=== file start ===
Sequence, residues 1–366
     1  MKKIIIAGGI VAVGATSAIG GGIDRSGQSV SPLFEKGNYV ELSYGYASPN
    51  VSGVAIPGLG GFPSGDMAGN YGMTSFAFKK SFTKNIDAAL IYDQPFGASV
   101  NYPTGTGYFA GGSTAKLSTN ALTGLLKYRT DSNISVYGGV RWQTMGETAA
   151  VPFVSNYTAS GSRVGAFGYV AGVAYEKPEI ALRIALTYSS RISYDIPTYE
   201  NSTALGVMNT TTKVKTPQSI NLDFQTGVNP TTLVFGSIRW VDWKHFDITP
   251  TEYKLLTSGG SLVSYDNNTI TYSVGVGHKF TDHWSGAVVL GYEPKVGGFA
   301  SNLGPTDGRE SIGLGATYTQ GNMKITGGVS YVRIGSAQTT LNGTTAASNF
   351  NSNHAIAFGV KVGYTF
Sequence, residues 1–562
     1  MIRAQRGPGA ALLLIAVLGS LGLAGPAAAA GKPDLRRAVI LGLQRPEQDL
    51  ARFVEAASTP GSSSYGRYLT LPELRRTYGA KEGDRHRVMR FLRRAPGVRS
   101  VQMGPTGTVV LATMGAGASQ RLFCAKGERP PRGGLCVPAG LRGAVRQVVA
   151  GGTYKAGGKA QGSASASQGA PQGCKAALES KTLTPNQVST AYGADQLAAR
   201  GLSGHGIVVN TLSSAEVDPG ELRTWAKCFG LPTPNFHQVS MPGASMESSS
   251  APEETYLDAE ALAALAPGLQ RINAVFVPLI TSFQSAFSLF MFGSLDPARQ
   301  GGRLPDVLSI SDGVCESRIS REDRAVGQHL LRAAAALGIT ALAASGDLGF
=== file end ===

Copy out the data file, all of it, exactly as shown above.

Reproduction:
Sequence, residues 1–366
     1  MKKIIIAGGI VAVGATSAIG GGIDRSGQSV SPLFEKGNYV ELSYGYASPN
    51  VSGVAIPGLG GFPSGDMAGN YGMTSFAFKK SFTKNIDAAL IYDQPFGASV
   101  NYPTGTGYFA GGSTAKLSTN ALTGLLKYRT DSNISVYGGV RWQTMGETAA
   151  VPFVSNYTAS GSRVGAFGYV AGVAYEKPEI ALRIALTYSS RISYDIPTYE
   201  NSTALGVMNT TTKVKTPQSI NLDFQTGVNP TTLVFGSIRW VDWKHFDITP
   251  TEYKLLTSGG SLVSYDNNTI TYSVGVGHKF TDHWSGAVVL GYEPKVGGFA
   301  SNLGPTDGRE SIGLGATYTQ GNMKITGGVS YVRIGSAQTT LNGTTAASNF
   351  NSNHAIAFGV KVGYTF
Sequence, residues 1–562
     1  MIRAQRGPGA ALLLIAVLGS LGLAGPAAAA GKPDLRRAVI LGLQRPEQDL
    51  ARFVEAASTP GSSSYGRYLT LPELRRTYGA KEGDRHRVMR FLRRAPGVRS
   101  VQMGPTGTVV LATMGAGASQ RLFCAKGERP PRGGLCVPAG LRGAVRQVVA
   151  GGTYKAGGKA QGSASASQGA PQGCKAALES KTLTPNQVST AYGADQLAAR
   201  GLSGHGIVVN TLSSAEVDPG ELRTWAKCFG LPTPNFHQVS MPGASMESSS
   251  APEETYLDAE ALAALAPGLQ RINAVFVPLI TSFQSAFSLF MFGSLDPARQ
   301  GGRLPDVLSI SDGVCESRIS REDRAVGQHL LRAAAALGIT ALAASGDLGF